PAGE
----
Couponing 101: Saving Money Clipping Coupons
You've probably stood in a checkout line behind someone who has a coupon for every item they've purchased, and it seems like eternity until they are finished. But, they probably saved over 50% to 80% off their grocery bill in that few minutes! How, you ask? If you want to try your hand at snipping scissors for savings, first you need the coupons! The best source for coupons is in the Sunday newspapers. The inserts are tucked in the middle with the advertisements. With the cost of a Sunday paper usually ranging from $1.00 - $1.50, it is a good investment with sometimes hundreds of dollars worth of coupons.
And can you believe most people throw them away? Ask your friends, relatives and neighbors to save the inserts for you. Be on the lookout for businesses who subscribe and leave papers around for customers to read (ie Gas Stations, Laundry Mats). Check recycling bins. "Dumpster dive" if you have to. On Monday, ask your newspaper carrier and stores if they have any leftover Sunday papers that didn't sell.
Vendors usually only have to send in certain parts of the newspaper (ie the heading) of those that didn't sell to get credit for unsold papers. But they still have the coupons inside! Unfortunately around Holidays, coupon inserts aren't as plentiful. So, you may want to check the Newspaper in the Newsstand on Mother's Day before searching the couch cushions for pocket change. And not all Sunday newspaper carry the same inserts. Some may have one, and another three. And even if they carry the same inserts, the amounts of the coupons may be different! It is common that coupons have a higher dollar value in an urban area over a rural area. More ways to obtain coupons is directly from the manufacturers. Call the toll-free number on your favorite brands asking for coupons. Telling them first how much you like their product is a good introduction to your plea. Most will be happy to mail you coupons.
Also check out to see if the product has a website. Email them or use their contact form to inquire. Don't forget to include your mailing address. Look over your empty canned goods labels and boxed food items before throwing them in the trash. Usually you can find a toll-free number to call (see above) on the package. Some packages also adorn their own coupons good on their next purchase. And many companies are now participating in Boxtops for Education and Campbell's Labels for Education, so take a second to cut out the little symbol for the school of your choice. Those 10¢ add up fast when many people save, and all schools, public and private alike, appreciate them. Also look for "hang-tags" on items in the store. Some will say "Save $$$ now" and if you read the print, it does not have to be used on only that certain item.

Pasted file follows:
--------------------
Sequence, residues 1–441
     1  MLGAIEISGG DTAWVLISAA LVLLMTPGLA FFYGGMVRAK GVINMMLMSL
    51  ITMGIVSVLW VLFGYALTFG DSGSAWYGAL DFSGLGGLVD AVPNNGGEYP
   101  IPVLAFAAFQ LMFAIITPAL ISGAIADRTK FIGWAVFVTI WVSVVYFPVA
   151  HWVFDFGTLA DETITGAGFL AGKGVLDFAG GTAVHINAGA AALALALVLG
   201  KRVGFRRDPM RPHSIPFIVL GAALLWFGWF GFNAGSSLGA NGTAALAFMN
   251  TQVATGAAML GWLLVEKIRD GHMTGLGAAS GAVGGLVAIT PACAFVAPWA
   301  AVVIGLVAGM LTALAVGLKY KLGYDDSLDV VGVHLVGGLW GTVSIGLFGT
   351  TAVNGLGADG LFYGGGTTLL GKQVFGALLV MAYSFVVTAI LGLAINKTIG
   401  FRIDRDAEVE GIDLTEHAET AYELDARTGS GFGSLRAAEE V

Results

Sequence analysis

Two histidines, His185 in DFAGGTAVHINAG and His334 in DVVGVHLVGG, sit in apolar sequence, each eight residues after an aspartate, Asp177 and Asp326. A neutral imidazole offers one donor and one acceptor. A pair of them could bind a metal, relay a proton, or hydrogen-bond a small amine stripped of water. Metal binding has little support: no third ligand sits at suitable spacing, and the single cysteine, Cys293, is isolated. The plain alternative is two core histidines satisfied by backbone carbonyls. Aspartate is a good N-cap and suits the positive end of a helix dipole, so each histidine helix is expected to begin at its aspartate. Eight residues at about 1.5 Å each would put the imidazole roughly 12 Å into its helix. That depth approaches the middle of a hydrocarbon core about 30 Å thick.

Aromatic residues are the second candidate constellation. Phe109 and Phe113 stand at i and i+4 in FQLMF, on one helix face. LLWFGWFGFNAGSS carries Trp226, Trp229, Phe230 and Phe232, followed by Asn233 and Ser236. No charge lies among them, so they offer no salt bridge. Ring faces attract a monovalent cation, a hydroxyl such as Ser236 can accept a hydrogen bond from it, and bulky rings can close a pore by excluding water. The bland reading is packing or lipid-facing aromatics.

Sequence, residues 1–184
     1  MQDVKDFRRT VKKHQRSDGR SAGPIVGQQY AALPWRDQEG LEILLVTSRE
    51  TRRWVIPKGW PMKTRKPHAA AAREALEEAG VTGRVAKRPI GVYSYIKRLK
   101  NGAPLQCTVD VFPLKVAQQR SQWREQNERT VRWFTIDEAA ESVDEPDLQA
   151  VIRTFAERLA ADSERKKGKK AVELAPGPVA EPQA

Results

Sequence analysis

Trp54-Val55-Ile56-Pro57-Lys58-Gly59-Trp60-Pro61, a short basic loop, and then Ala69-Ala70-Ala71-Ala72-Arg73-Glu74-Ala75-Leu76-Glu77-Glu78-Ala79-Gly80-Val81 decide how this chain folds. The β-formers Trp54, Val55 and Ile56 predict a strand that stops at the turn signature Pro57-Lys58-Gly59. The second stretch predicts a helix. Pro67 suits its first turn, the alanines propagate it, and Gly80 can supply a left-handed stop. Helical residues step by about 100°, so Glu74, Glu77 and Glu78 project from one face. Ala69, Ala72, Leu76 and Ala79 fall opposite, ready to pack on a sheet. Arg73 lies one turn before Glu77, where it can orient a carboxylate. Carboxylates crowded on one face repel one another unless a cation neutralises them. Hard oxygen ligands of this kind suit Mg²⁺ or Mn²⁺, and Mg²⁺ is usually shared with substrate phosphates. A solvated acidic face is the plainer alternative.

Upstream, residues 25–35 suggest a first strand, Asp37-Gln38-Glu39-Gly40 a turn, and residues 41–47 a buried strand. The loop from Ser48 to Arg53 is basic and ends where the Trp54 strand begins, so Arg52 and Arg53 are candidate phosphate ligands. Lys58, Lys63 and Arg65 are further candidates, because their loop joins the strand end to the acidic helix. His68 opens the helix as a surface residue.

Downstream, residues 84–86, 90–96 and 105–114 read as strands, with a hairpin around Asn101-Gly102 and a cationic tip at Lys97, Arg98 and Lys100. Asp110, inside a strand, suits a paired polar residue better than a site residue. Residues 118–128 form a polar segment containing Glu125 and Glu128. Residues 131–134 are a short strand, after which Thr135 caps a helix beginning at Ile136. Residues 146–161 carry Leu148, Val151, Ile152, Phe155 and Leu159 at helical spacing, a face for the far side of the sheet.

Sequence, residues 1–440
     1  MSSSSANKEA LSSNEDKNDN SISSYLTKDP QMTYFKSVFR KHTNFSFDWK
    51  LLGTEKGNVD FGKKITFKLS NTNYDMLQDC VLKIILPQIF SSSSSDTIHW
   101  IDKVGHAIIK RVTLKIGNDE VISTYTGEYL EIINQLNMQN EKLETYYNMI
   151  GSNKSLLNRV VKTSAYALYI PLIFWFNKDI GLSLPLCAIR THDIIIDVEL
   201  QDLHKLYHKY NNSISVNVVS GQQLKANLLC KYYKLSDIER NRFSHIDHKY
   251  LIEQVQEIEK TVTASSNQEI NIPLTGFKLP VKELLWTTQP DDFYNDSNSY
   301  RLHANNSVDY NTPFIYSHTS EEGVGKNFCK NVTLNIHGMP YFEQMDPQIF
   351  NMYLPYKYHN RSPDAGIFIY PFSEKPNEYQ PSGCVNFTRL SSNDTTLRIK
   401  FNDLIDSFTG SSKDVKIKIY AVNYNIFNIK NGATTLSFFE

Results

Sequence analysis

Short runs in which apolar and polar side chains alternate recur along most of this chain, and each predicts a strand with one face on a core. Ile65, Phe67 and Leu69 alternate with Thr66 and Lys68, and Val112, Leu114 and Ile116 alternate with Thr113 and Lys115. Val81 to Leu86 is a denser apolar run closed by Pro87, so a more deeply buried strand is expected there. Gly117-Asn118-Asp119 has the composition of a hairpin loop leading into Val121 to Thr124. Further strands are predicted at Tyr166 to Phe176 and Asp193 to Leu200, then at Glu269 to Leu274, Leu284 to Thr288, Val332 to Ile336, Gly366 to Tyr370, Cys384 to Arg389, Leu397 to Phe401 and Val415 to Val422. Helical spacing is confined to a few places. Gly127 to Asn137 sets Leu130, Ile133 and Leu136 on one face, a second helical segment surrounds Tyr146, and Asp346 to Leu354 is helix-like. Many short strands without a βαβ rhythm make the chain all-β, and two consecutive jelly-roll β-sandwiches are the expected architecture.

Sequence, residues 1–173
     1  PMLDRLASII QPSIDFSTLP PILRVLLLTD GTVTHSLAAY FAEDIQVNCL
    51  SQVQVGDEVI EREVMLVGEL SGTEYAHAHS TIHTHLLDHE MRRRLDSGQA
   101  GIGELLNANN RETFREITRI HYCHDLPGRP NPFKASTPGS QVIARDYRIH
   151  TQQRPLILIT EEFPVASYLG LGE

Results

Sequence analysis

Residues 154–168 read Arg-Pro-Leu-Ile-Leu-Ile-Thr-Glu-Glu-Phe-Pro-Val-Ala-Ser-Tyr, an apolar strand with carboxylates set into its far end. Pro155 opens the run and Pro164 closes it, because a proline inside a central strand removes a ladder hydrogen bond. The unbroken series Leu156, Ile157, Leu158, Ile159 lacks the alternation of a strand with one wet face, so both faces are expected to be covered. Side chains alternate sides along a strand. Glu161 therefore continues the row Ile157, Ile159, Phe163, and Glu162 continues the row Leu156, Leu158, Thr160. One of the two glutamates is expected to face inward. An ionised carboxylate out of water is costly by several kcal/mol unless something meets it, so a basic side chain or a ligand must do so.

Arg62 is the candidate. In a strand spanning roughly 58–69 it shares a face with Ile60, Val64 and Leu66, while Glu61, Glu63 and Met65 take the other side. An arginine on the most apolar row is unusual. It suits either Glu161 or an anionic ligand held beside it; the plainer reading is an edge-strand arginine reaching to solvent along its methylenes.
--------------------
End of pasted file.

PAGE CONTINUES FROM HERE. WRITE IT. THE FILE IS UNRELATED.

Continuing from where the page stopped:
Look for hang-tags on wine, as some offer $$$ off soda, meat or produce, with NO alcohol purchase required. Another plan to acquire coupons is to beg, borrow or steal from other couponers. Ok, maybe not steal. Barter. If you don't know any coupon locales, you can meet them through Refund/Coupons Magazines and Internet Chat Boards. It is prohibited to actually sell coupons, but you can "purchase" coupons from Coupon Services who charge a "handling fee" per coupon (for their time to cut, sort and mail). You can even bid on coupons on eBay! The newest way to add coupons to your collection is to print them directly from the internet to your printer (ie FreePrintables.net)! Some stores have yet to accept these thinking they are counterfeit. But printable coupons are definitely the wave the of future. Many sites make you register first, and your name may even appear on the coupon or are barcoded with your information.
Others may only let you print one or two of the same coupon before you get a "Sorry you've already printed your quota for that coupon" message. Once you have your coupons, it is best to have some rhyme or reason to them, so it is easier to find the coupon you want when you need it. You can use a simple recipe box with dividers, a three ring binder with divided pages (like for baseball cards), or you can even buy a "real" coupon organizer. Then you need to categorize your coupons within your organizer. There are several ways people sort theirs. The most simple way is to organize by generic classifications (ie Baby, Pet, Frozen Foods, Dairy, Paper Products, Health & Beauty, etc). Another way to sort is by expiration date. Couponers with thousands of coupons file the full inserts by the name of the insert (SmartSource, Valassis, Proctor & Gamble) and the date that it came out. Make a date once a month with your coupon organizer to weed out expired coupons.
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